You should use RecursiveArrayIterator when dealing with multidimensional arrays as it allows you to iterate over the current entry as well, but leaves this up to you to do. RecursiveIteratorIterator is a decorator which does this for you. It takes the RecursiveArrayIterator, iterates over it and iterates over any Iterable entry it finds (and so on). Essentially, it “flattens” the RecursiveArrayIterator. You can get the current depth of iteration by calling RecursiveIteratorIterator::getDepth() to keep track. Be careful with RecursiveArrayIterator and RecursiveIteratorIterator though if you want to return objects; objects are treated as Iterable and will therefore be iterated.

Iterating Directory Listings

You will undoubtedly need to traverse a directory and its files at some point in time or another, and there are various ways of accomplishing this with the built-in functions provided by PHP already, such as with scandir() or glob(). But you can also use DirectoryIterator. In its simplest form, DirectoryIterator is quite powerful, but it can also be subclassed and enhanced.

Here’s an example of iterating a directory with DirectoryIterator:

<?php
// create new DirectoryIterator object
$dir = new DirectoryIterator("/my/directory/path");

// loop through the directory listing
foreach ($dir as $item) {
    echo $item . "<br>";
}

The output obviously will depend on the path you specify and what the directory’s contents are. For instance:

.
..
api
index.php
lib
workspace

Don’t forget that with DirectoryIterator, as well as many of the other SPL iterators, you have the added benefit of using exceptions to handle any errors.

<?php
try {
    $dir = new DirectoryIterator("/non/existent/path");
    foreach ($dir as $item) {
        echo $item . "<br>";
    }
}
catch (Exception $e) {
    echo get_class($e) . ": " . $e->getMessage();
}
UnexpectedValueException: DirectoryIterator::__construct(/non/existent/path,/non/existent/path): The system cannot find the file specified. (code: 2)

With a host of other methods like DirectoryIterator::isDot(), DirectoryIterator::getType() and DirectoryIterator::getSize(), pretty much all of your basic directory information needs are covered. You can even combine DirectoryIterator with FilterIterator or RegexIterator to return files matching specific criteria. For example:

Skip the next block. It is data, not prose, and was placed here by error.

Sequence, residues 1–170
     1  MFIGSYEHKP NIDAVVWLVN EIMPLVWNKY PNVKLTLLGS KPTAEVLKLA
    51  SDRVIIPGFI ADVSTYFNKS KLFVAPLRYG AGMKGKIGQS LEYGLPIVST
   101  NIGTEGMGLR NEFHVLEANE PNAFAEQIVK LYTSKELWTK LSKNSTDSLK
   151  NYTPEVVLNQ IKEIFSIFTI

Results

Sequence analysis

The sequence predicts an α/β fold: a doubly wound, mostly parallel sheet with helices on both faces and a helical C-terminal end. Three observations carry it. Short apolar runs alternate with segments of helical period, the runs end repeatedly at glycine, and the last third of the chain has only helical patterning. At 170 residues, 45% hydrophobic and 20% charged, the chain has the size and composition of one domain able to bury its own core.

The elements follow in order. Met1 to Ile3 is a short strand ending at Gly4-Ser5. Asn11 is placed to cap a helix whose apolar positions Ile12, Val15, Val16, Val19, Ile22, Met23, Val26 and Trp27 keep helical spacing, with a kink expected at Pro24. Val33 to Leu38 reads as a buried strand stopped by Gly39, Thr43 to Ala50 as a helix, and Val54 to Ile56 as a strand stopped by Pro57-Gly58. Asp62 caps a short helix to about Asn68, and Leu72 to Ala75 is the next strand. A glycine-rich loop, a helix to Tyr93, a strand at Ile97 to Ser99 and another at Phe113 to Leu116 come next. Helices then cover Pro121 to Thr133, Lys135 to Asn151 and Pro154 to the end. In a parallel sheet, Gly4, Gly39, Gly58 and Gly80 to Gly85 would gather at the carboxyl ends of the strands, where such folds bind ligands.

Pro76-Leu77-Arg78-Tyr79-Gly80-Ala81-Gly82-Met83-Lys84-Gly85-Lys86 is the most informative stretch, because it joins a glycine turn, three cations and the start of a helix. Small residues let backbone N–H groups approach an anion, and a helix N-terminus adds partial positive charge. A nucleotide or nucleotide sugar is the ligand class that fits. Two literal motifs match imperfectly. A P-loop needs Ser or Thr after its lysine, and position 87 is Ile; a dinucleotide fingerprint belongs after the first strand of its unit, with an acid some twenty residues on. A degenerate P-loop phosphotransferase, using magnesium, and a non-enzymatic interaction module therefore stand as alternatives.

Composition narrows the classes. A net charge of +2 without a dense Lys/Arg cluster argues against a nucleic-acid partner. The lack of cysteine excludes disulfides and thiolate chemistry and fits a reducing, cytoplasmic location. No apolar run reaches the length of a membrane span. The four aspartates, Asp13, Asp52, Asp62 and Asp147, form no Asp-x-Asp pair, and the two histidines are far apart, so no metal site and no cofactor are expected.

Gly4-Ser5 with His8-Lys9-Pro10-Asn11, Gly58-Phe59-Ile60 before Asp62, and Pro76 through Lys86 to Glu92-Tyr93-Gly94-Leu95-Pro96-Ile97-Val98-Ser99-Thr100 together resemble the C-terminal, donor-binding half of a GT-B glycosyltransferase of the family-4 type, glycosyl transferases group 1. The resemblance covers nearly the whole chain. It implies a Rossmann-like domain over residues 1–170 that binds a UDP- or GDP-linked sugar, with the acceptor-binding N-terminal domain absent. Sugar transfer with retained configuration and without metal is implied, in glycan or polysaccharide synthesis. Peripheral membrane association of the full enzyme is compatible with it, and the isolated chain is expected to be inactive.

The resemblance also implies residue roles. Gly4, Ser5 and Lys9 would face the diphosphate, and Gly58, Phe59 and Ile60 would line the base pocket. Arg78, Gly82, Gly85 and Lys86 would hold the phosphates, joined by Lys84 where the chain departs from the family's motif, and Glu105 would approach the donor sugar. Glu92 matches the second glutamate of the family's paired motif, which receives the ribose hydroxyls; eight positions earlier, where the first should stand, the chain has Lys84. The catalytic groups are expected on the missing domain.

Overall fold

<?php
class FileExtensionFilter extends FilterIterator
{
    // whitelist of file extensions
    protected $ext = ["php", "txt"];

    // an abstract method which must be implemented in subclass
    public function accept() {
        return in_array($this->getExtension(), $this->ext);
    }
}

//create a new iterator
$dir = new FileExtensionFilter(new DirectoryIterator("./"));
...

SPL also provides RecursiveDirectoryIterator which can be used in the same way as RecursiveArrayIterator. A function that traverses directories recursively will usually be littered with conditional checks for valid directories and files, and RecursiveDirectoryIterator can do much of the work for you resulting in cleaner code. There is one caveat, however. RecursiveDirectoryIterator does not return empty directories; if a directory contains many subdirectories but no files, it will return an empty result (much like how Git behaves).

<?php
// create new RecursiveDirectoryIterator object
$iter = new RecursiveDirectoryIterator("/my/directory/path");

// loop through the directory listing
// we need to create a RecursiveIteratorIterator instance
foreach (new RecursiveIteratorIterator($iter) as $item) {
    echo $item . "<br>";
}

My output resembles:

./api/.htaccess
./api/index.php
./index.php
...

Summary

Hopefully you now realize that iteration isn’t a complex beast like I first thought, and that it’s something we do every day as programmers. In this article I’ve introduced iteration and some of the classes that SPL provides to make iterating easier and more robust. Of course I’ve only dealt with a very small sampling of the available classes; SPL provides many, many more and I urge you to take a look at them.

SPL is a “standard” library. Sometimes you may find the classes too general and they may not always do what you need. In such cases you can easily extend the classes to add your own functionality or tweak existing functionality as needed. In the next part of this series I’ll show you how to use SPL interfaces to make your very own custom classes that can be traversed and accessed like arrays.

Image via Mushakesa / Shutterstock

Using SPL Iterators

Using SPL Iterators, Part 2 >>

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  • Patrick

    Great article – informative, clear, and well written, unlike some of the articles on this site. Looking forward to part 2, but I’d be interested to see a performance analysis comparing the performance of regular foreach iteration to the use of these iterators. Obviously these iterators incur extra overhead because they involve instantiating additional objects, and it’d be nice to see if that is offset by the memory savings you make by avoiding foreach loops. That information would be helpful when making decisions about where to effectively deploy iterators to reduce system load.